ARAB ENVIRONMENT IN 10 YEARS crowns a decade of the series of annual reports produced by the Arab Forum for Environment and Development (AFED) on the state of Arab environment. It tracks and analyzes changes focusing on policies and governance, including level of response and engagement in international environmental treaties. It also highlights developments in six selected priority areas, namely water, energy, air, food, green economy and environmental scientific research.

AFED launched in 2008 the first report in its annual series entitled “Arab Environment: Future Challenges.” That inaugural report provided for the first time a comprehensive baseline on the status of environment in the region, which the present report relied on to track changes over the past decade.

Eight topical reports followed, on Climate Change (2009), Water (2010), Green Economy (2011), Ecological Footprint (2012), Sustainable Energy (2013), Food Security (2014), Sustainable Consumption (2015) and Sustainable Development in a Changing Arab Climate (2016).

This report found that the state of environment in the Arab countries over the past ten years has been characterized by disparities. While progress was slow and the situation deteriorated in many aspects, there were advances in others, especially regarding matters related to governance and commitment to international treaties, particularly regarding climate change. Despite the lack of real progress in several countries, mainly those which are facing political unrest and instability, others have made strides towards shifting to a more sustainable path, with more financial resources directed towards investments in environmental infrastructure.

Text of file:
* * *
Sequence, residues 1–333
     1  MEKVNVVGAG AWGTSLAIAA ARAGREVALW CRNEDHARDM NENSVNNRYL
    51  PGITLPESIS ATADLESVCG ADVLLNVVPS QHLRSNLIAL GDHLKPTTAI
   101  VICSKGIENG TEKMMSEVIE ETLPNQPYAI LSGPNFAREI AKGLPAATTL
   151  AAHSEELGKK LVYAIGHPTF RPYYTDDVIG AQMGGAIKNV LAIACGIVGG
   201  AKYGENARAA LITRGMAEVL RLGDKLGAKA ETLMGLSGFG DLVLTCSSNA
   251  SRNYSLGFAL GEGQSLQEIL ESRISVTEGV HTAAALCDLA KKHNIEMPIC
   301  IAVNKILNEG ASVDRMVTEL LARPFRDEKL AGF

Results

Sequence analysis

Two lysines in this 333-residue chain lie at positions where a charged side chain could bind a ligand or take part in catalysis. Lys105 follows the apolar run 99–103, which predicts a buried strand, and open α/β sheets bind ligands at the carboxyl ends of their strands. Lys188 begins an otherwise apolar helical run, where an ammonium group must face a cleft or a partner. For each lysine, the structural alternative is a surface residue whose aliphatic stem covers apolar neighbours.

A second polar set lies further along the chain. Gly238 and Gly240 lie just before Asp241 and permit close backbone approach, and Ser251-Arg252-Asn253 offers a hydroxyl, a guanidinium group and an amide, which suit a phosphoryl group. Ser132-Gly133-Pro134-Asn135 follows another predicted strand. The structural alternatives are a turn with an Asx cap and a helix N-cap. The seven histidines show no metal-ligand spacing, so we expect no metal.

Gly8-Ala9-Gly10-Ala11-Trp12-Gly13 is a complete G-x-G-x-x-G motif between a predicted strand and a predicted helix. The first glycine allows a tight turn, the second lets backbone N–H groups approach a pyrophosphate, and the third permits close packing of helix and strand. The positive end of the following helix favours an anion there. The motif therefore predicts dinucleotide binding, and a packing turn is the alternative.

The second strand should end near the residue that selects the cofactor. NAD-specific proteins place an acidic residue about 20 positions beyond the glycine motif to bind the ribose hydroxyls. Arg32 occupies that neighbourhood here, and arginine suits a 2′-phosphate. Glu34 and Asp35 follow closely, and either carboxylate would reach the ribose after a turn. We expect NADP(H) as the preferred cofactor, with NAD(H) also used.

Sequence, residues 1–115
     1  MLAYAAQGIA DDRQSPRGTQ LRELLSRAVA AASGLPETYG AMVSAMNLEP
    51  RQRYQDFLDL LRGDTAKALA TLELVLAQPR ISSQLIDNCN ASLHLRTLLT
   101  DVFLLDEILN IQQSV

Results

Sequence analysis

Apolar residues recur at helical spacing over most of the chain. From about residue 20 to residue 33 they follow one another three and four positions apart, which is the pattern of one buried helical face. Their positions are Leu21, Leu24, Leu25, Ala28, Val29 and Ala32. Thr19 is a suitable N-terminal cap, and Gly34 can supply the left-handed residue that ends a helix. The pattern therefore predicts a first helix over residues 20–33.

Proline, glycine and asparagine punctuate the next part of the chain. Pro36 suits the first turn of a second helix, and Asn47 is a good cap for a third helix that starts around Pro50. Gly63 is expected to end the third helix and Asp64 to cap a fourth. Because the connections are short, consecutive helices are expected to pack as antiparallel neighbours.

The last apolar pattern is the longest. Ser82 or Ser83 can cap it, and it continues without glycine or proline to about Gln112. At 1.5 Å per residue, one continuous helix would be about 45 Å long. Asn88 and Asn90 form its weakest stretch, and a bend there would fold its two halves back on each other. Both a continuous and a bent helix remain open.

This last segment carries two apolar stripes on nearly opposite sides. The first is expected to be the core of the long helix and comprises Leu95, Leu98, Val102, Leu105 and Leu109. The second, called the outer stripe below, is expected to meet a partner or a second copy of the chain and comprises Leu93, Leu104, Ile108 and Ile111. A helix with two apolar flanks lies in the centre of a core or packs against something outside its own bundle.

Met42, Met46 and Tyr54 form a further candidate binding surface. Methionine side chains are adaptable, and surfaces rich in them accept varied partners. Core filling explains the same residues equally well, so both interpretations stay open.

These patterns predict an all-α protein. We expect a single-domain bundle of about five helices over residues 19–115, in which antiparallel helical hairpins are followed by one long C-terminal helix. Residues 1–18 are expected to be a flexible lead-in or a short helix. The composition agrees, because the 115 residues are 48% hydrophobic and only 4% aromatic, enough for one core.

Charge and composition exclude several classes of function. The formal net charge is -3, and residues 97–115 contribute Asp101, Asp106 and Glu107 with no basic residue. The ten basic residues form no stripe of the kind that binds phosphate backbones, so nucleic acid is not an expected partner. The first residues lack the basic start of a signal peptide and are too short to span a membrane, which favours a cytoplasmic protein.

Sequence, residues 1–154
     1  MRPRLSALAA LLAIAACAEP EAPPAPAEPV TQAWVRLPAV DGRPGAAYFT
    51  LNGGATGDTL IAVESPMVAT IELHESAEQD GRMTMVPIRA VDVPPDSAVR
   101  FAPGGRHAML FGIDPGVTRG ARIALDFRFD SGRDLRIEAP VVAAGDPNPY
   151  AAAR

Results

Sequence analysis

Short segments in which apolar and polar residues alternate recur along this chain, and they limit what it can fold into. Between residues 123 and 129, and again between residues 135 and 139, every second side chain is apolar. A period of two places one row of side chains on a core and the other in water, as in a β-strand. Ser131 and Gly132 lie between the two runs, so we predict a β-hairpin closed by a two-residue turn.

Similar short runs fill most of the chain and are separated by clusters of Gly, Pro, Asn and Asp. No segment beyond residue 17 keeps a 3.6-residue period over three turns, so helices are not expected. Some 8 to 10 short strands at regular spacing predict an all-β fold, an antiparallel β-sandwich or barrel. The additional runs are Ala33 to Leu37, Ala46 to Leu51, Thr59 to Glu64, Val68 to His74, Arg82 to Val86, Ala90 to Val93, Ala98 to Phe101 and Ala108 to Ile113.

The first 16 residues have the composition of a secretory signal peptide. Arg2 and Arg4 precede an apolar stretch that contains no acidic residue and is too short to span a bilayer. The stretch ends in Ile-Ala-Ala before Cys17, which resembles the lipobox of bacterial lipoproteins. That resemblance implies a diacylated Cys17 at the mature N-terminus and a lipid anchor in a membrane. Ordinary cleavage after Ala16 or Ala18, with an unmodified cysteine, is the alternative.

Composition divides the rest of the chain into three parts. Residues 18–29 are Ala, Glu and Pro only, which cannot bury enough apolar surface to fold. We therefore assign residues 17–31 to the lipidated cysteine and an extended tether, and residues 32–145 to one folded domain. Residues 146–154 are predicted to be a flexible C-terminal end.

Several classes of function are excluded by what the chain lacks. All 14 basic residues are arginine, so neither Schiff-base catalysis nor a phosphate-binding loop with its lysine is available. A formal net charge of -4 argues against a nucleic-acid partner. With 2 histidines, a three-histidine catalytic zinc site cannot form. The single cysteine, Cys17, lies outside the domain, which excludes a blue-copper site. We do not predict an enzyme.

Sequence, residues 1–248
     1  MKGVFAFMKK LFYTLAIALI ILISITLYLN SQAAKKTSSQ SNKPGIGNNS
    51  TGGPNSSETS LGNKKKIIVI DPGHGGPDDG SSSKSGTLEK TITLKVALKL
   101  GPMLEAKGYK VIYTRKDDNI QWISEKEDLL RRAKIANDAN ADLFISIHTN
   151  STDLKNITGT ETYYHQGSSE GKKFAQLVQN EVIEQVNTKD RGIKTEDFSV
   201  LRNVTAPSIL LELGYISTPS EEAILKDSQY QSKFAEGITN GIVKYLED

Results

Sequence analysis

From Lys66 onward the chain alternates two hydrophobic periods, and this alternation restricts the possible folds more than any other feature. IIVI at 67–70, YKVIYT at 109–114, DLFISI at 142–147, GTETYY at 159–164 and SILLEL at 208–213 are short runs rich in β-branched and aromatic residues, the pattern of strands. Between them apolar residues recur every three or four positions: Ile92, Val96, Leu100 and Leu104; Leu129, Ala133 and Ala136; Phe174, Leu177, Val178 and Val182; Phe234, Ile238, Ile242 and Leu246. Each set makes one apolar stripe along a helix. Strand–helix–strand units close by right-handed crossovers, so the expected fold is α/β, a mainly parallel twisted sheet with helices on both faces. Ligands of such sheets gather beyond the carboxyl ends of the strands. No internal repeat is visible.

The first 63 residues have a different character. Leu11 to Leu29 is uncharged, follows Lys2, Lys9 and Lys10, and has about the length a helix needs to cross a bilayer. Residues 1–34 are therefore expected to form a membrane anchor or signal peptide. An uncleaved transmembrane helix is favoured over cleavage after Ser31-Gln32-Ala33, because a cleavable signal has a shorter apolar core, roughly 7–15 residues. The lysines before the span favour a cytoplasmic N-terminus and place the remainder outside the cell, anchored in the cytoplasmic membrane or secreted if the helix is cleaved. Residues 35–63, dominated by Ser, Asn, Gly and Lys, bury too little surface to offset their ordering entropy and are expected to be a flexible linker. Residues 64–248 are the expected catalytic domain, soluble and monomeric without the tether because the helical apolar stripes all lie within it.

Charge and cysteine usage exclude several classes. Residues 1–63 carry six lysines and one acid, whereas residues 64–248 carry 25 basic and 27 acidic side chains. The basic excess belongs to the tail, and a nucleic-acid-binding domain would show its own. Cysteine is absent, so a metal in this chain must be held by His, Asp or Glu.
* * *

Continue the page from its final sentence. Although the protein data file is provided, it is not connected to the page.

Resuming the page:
Despite slow progress, we noted with satisfaction that what AFED called for in its reports has become prime driver for policy reforms in many Arab countries. AFED continues to engage many regional players, including public policy officials, corporations, academia, NGOs, and the media, in a meaningful debate.

As part of the 2017 report, AFED carried out a public opinion survey across the Arab countries to track environmental perceptions and attitudes. Results showed that a majority of 80 percent thought that the environmental situation deteriorated or did not improve, while 95 percent found that their country is not doing enough to tackle environmental challenges.

It is hoped that this report will assist in developing robust policies and implementation plans for better environmental management, as pillar of sustainable economic and social development.